Drug patent applications to combat COVID-19

The pandemic caused by COVID-19 (SARS-COV-2) is completing a year since the most comprehensive health measures to combat the virus began. Intensive efforts to develop new active ingredients, treatment methods and vaccines have been carried out by the scientific community and pharmaceutical companies.


The first vaccines

The technical and scientific effort has led to the development of several vaccines to combat SARS-COV-2, manufactured by various technologies, such as inactivated virus vaccines, such as that developed by Chinese companies Sinovac and Sinopharm; mRNA vaccines, such as products developed by Pfizer / Biotech and Moderna; non-replicating viral vector vaccines, such as the vaccine developed by the University of Oxford / AstraZeneca, the Johnson & Johnson vaccine and the Sputnik V vaccine from the Gamaleya Research Institute; or protein subunit vaccines, such as Novavax.

The results and the launch of new vaccines are observed with great interest by the general public. This study presents the current phase of published patent applications for active ingredients, drugs and vaccines to combat SARS-COV-2, in addition to the main applicants involved.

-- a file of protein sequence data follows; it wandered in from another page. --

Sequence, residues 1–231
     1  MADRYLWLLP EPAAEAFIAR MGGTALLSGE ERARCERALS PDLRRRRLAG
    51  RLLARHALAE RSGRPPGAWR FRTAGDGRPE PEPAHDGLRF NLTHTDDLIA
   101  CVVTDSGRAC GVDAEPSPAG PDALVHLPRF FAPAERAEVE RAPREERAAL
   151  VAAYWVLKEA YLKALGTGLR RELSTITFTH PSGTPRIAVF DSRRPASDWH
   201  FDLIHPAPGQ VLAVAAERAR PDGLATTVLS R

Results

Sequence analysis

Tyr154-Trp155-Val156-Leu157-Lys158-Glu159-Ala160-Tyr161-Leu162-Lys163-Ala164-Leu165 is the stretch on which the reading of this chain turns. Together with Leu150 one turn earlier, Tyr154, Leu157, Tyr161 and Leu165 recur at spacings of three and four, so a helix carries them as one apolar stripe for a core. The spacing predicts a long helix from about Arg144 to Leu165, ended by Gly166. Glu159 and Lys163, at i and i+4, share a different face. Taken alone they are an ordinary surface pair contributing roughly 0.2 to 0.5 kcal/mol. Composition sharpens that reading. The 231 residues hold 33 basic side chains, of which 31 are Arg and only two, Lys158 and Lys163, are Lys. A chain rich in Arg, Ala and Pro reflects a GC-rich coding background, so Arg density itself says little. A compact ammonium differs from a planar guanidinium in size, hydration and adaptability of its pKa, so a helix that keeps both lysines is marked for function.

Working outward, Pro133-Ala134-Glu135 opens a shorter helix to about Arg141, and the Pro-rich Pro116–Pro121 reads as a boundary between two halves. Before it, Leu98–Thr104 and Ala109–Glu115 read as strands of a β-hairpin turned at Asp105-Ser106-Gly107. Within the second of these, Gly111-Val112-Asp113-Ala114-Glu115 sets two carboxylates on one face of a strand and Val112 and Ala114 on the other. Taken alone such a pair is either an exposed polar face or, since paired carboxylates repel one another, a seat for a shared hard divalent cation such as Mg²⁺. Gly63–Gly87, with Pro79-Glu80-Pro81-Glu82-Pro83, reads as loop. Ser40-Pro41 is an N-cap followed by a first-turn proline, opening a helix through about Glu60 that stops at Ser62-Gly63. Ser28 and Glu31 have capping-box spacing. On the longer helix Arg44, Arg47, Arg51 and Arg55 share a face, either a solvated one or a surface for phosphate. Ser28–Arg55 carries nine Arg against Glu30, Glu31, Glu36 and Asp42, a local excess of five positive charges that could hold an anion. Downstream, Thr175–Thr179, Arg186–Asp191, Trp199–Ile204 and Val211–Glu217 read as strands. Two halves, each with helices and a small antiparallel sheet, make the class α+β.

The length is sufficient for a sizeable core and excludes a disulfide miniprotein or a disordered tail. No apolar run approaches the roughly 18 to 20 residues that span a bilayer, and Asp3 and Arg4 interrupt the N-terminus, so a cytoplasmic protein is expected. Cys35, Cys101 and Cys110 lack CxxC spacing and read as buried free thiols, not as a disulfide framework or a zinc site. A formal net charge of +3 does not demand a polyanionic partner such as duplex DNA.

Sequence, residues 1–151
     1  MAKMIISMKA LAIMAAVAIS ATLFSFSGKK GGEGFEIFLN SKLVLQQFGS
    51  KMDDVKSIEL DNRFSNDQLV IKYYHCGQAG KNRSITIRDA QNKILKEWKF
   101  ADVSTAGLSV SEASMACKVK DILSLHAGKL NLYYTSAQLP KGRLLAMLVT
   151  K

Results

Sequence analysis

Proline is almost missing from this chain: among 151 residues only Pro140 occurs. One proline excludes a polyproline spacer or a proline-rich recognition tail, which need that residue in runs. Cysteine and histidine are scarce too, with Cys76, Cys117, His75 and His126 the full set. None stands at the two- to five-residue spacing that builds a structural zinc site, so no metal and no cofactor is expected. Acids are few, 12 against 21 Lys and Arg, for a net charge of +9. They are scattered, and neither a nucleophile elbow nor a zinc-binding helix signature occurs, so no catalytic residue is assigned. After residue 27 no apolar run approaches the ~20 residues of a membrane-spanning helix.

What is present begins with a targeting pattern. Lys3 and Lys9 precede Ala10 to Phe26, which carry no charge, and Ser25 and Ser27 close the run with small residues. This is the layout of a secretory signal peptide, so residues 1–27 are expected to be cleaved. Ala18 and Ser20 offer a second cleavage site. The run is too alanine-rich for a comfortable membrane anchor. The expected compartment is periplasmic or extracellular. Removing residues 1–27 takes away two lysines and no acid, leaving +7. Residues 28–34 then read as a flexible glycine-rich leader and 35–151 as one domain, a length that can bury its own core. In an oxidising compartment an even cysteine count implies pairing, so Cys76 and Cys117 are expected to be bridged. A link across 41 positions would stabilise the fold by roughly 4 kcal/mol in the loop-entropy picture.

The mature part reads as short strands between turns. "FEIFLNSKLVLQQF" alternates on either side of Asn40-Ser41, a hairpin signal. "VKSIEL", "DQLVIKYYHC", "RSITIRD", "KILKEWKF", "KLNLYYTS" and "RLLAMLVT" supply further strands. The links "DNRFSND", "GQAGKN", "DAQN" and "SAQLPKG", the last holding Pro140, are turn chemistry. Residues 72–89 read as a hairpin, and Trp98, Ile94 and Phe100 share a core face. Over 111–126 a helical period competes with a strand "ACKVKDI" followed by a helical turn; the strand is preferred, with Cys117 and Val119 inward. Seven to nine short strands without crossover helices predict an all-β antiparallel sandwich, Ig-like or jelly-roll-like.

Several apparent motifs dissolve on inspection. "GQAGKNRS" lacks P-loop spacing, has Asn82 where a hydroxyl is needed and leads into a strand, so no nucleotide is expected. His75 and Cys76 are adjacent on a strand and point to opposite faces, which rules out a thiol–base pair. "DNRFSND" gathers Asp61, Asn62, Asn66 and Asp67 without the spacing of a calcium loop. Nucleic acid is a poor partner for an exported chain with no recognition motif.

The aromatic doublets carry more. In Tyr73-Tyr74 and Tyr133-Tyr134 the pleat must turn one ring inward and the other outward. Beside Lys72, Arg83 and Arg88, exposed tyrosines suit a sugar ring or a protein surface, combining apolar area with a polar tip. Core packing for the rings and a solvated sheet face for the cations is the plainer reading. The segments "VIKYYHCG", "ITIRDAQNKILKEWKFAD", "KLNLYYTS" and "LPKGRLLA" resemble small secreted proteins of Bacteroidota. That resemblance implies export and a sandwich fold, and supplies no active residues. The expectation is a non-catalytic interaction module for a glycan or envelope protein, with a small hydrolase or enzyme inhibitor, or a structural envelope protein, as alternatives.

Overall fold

In order to identify patent applications published from 2020 onwards, we use the Espacenet database with keyword search related to SARS-COV-2 and through patent classifications referring to the technological fields of the types of medicines. Patent classifications consist of indexing codes assigned by the Patent Offices and specific by technology, which can be used as search filters in the database. In this study, we applied the patent classifications shown in table 1.